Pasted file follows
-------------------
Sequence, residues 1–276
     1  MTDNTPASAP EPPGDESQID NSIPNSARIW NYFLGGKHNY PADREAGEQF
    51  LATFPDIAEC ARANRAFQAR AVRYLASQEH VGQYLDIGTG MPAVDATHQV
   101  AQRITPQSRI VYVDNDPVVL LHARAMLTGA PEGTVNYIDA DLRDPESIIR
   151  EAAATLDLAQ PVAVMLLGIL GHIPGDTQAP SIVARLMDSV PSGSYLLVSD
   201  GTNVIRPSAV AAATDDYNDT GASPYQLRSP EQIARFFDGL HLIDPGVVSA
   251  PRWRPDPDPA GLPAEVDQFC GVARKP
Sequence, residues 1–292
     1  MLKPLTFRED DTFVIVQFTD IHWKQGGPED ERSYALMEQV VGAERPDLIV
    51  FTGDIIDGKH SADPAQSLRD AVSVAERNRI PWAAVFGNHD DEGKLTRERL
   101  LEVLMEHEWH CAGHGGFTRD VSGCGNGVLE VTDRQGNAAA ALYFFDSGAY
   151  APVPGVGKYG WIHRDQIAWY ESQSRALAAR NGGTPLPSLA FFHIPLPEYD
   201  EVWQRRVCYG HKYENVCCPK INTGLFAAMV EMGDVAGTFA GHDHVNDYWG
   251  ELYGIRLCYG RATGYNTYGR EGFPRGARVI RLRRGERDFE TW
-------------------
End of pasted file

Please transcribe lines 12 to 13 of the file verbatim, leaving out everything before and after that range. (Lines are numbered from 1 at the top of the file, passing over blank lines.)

   151  APVPGVGKYG WIHRDQIAWY ESQSRALAAR NGGTPLPSLA FFHIPLPEYD
   201  EVWQRRVCYG HKYENVCCPK INTGLFAAMV EMGDVAGTFA GHDHVNDYWG